Save your class absences, you’ll need them later on in the semester.
It can be tempting to use your absences right away but we promise it’s in your best interest to save those for an actual rainy day. Coming into the semester fresh after break, you have about two months before most of your brain cells have given up on you.
Don’t be a lounge lizard.
If you have access to a perfectly usable dorm room that costs a lot of money then on behalf of the rest of us who might need a quiet place to study, socialize and sleep in your own dorm and don’t loiter in residence hall lounges. Some of you will probably understand — if you don’t, then you’re probably a lounge lizard.
Take advantage of the CTA.
There’s nothing worse than sitting at a standstill on Lake Shore Drive during rush hour. Loyola didn’t provide us U-Passes for nothing. Take the train early in the morning and in the evening to avoid these delays when you’re hurrying to classes on Lake Shore Campus and Water Tower Campus. Also, take advantage of the 147 bus — it’s very efficient, runs right through campus and can drop some students off very close to their apartments.
Your 8-RIDE isn’t coming. Don’t bother.
Need to get across campus at one in the morning? 8-RIDE is Loyola’s equivalent to Uber. The similarity is you can schedule to get picked up at a location on campus. The difference is there’s no guarantee you’ll actually get picked up — The Phoenix reported major issues with the service last year, leaving many students feeling abandoned. Instead, we recommend finding other safe ways to get around the neighborhood. Walk with a friend, call someone if you feel unsafe, stick to well-lit paths and trust your instincts.
Take care of yourself.
Take a shower. Get immunized. Wash your sheets. Get STD tested. Get a flu shot. College gets busy, but don’t forget these things. Walking to urgent care on Sheridan Road in a parka with a 105-degree fever isn’t fun. Also, if you drink a little too much, make sure to chug some water and eat some toast before you go to bed.
Perform a following cleanse on social media after your first year.
Go through and delete the people you met your first year who impulsively added you on Snapchat and Instagram. If you don’t do this, you’ll have a newsfeed full of strangers who were too eager to meet people at orientation.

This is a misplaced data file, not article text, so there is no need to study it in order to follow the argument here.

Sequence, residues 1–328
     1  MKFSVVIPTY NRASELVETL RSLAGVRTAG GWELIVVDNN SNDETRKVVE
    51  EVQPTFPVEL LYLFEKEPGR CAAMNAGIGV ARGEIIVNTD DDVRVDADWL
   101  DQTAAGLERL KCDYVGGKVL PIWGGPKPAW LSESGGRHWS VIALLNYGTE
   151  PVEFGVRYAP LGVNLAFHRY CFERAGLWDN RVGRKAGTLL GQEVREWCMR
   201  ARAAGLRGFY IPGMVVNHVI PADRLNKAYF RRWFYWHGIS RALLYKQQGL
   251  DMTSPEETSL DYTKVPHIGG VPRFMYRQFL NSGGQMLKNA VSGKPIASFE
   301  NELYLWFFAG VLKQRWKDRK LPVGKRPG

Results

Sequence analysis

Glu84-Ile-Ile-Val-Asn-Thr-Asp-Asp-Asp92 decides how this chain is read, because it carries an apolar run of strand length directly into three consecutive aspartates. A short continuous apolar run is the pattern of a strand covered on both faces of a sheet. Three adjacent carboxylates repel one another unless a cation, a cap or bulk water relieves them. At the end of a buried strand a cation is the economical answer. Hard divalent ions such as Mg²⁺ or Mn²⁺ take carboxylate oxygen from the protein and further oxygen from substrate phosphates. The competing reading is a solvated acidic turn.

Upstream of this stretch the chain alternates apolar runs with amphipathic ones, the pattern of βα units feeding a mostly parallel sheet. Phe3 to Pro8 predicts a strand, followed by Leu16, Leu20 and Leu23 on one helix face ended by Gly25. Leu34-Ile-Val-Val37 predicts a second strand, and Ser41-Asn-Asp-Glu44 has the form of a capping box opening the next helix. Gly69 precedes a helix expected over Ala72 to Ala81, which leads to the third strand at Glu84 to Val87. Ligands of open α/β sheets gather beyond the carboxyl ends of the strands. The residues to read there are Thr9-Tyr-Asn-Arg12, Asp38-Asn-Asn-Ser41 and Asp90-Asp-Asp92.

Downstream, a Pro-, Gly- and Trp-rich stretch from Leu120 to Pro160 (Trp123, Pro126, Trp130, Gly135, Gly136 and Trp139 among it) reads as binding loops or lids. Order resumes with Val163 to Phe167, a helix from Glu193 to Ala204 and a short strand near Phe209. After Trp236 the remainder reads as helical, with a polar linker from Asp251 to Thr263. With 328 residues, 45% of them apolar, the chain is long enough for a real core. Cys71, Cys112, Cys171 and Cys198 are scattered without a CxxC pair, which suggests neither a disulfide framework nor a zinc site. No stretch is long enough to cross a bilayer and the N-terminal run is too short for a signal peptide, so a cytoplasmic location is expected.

Figure out how crosswalks work and impress people by walking just before the sign changes.
Don’t be a “normie” and walk when the sign tells you to. You’re now a veteran city dweller who has learned the system. Shave a few seconds off your commute by timing your walk across the street just as the oncoming traffic light turns red. If you’re really pushing it, jay-walk across North Sheridan Road. We dare you. Don’t just follow the person in front of you — Chicago drivers are determined to make those three-second yellow lights.
Don’t worry. No one else in your tier-one philosophy class knows what’s going on either.
What’s something that math, journalism, nursing and accounting majors have in common? They are all clueless to what’s going on in most of their core classes. You probably don’t know anyone in your class, but if you ever talked to someone else there then they’re probably just as lost as you are.
Pop your head into Sr. Jean’s Damen 123 office every once in a while.
Loyola’s 100-year-old beloved nun sits there all day with her door open. She’s told The Phoenix she does that because she wants students to pop in and talk to her. Her wisdom and hilarity will brighten up your day.
During the warmer months, spend some time studying or reading in front of the lake.
When it’s not polar vortexing outside, the best green space to hang out is on the hill behind the Crown Center for the Humanities. There’s nothing better than the lake view and the sound of waves crashing on the rocks. Bonus points if you bring a hammock.
Dunkin’ Happy Hour iced coffee will save you on hard days.
In the words of former Chicago Bears head coach Mike Ditka, “Coffee is the lifeblood that fuels the dreams of champions.” Dunkin’ Happy Hour from 2 p.m. to 6 p.m. offers unbeatable discounts and has saved our lives many times during the hardest parts of the semester. Vanilla iced coffees are the elixir of life.
Get comfortable with being alone and spending quality time with yourself – just not in the lounge.
Mental health is essential for getting through these four years. College is strange because there are constantly people around you, yet it can be a very lonely time. Learn to spend time with yourself and enjoy it. Between classes and socializing, the moments when you find yourself alone in your dorm can hit you hard. Use this as an opportunity to find out what you like and don’t like and practice self-care. Get comfortable with yourself.
Get a unique-colored coat.
Everyone and their mother in Chicago has a black coat. If you want to make life easier, purchase a unique color so you don’t lose it in the coat room at a random party on North Lakewood Avenue with the rest of the black coats.
Pet dogs around campus.
Hug Loyola’s therapy dog Ashlar during his weekly visits to the Damen Student Center. Also say hello to Bella — the giant, furry Newfoundland that wades in waterfall outside the Loyola Information Commons.
Come in with an open mind — and keep it that way all four years.
College is a place where you meet people from various backgrounds and you will meet people with beliefs that are different from your own. Whether in class or on the quad, be respectful of others’ views and engage in a conversation. Loyola is a great place to expand your horizons.